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Southwest raises airfares, citing higher fuel costs

20 February 2011

Southwest Airlines, the Dallas-based airline that bills itself as the nation’s biggest low-price carrier, announced a $10 round-trip fare increase to offset higher fuel costs. This is the latest of several airfare increases since December.

Several airlines, including Continental, Delta and United, matched the domestic airfare hike of $4 to $10 launched this month by American Airlines.


Southwest Airlines revamps rewards program for frequent fliers

10 January 2011

Southwest Airlines Co. is unveiling the first major update to its Rapid Rewards program since the airline launched the frequent-flier benefits nearly 24 years ago.

In Southwest’s new frequent-flier program, points earned go up with the price of the ticket.

The changes sweeten the rewards for people who pay more for tickets, since the points earned are directly linked to the ticket price. People who buy full-fare tickets will earn more points per dollar than those flying on advance-purchase fares.

But people who were used to flying a lot of short hops to get a free ticket may not like it so much.


Southwest to buy AirTran for $1.42 billion

27 September 2010

Southwest Airlines announced today that it will purchase AirTran Holdings in a $1.42-billion deal that will expand the nation’s largest low-cost airline to 37 new cities.

The merger, if approved by regulators, would create an airline with 685 aircraft that will serve about 100 million passengers annually in nearly 100 airports. The company will remain headquartered in Dallas and keep the Southwest name.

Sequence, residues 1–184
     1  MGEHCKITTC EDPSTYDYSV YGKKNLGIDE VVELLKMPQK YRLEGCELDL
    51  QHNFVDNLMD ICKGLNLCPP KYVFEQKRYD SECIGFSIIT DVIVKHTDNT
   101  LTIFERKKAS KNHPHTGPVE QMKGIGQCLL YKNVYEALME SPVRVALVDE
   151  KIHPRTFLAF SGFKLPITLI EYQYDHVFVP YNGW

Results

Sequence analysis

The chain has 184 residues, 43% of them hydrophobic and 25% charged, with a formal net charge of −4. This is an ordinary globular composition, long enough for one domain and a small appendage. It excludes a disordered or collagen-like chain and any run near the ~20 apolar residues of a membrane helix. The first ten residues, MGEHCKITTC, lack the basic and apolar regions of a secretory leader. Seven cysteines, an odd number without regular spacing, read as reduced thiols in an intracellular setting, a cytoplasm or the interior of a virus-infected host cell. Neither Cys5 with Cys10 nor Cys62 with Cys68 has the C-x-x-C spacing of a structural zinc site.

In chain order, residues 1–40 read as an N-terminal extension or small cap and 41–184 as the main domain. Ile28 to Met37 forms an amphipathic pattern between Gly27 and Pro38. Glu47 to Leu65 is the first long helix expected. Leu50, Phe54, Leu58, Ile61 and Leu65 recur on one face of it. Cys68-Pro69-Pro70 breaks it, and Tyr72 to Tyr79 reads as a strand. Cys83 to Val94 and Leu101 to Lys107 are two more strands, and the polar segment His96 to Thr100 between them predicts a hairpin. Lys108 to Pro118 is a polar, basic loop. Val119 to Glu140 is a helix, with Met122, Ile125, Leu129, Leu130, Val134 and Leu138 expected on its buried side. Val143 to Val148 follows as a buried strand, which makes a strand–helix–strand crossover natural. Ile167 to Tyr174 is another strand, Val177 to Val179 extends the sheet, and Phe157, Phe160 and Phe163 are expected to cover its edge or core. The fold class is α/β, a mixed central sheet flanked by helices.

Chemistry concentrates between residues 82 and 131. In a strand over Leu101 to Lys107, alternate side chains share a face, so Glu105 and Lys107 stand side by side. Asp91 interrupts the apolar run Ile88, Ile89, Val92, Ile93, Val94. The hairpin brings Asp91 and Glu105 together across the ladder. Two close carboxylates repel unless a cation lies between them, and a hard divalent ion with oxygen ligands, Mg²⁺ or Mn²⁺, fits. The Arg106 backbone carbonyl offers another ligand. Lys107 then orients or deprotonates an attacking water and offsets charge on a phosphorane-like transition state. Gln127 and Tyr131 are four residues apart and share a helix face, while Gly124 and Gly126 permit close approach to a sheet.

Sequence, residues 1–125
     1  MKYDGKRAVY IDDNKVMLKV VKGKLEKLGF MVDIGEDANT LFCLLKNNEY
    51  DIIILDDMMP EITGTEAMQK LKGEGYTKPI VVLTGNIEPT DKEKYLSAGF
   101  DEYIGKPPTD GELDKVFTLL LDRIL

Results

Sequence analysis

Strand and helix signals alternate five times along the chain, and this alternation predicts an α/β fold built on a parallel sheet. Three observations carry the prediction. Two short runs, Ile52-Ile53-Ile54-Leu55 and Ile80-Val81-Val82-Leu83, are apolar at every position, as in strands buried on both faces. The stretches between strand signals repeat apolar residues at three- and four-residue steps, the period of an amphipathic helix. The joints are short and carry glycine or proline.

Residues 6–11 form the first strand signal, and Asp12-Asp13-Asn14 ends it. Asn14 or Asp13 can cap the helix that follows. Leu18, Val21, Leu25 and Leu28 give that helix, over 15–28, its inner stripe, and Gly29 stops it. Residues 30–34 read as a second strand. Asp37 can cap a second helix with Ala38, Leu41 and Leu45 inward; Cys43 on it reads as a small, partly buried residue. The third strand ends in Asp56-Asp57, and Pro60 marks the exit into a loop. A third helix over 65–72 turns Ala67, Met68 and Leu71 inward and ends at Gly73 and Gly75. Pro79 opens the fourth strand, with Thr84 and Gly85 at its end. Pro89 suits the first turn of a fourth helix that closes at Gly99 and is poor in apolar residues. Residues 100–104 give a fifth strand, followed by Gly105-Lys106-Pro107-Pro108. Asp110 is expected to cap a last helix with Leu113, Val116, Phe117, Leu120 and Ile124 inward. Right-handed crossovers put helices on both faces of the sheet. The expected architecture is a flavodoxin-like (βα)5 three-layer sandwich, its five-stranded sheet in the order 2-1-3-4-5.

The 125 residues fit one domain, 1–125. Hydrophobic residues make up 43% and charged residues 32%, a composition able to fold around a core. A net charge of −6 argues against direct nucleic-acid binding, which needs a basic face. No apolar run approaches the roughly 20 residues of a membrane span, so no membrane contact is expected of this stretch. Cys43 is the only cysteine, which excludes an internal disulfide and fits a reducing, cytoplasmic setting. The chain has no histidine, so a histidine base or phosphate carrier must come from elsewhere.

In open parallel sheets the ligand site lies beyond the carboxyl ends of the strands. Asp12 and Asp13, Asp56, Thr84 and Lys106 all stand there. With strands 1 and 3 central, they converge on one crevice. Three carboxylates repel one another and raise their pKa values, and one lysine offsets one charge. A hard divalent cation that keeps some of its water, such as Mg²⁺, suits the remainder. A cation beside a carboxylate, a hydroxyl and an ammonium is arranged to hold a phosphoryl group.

Southwest, the largest airline based on domestic passenger load, has grown quickly since it was founded in 1971, capitalizing on no-frills service, low fares, no first-class seating and no baggage fees.

source: Los Angeles Times

‘Bags fly free’ a boon for Southwest

20 December 2009

Southwest, the only U.S. airline that lets passengers check two pieces of luggage for free, says the no-fee policy has helped the airline increase its share of the domestic market by about 1 percent, or $800 million to $900 million.

The no-fee policy can be a gamble. At a time fewer people are flying and airlines seek every dollar, checked-bag fees added up to $1.24 billion for airlines in the first half of 2009.

Southwest’s policy is “‘a smart marketing ploy, particularly given the economic circumstances most Americans are experiencing these days,”‘ says Lopo Rego, a University of Iowa marketing professor.

source: Sun Times

Southwest Airlines reduces flights on 92 routes

2 September 2009

Southwest Airlines will temporarily halt flights on three routes early next year as it deals with a decline in air traffic and tries to bend its schedule to fit seasonal demand.

The airline will cut one flight per day on 92 routes and increase service on 42 routes, usually by one trip per day as well.

source: Associated Press

Small pets to be permitted on Southwest Airlines flights

1 June 2009

Southwest Airlines, which has bashed competitors for charging fees, said Friday that it will add new fees for passengers who bring small pets onboard and for unaccompanied minors.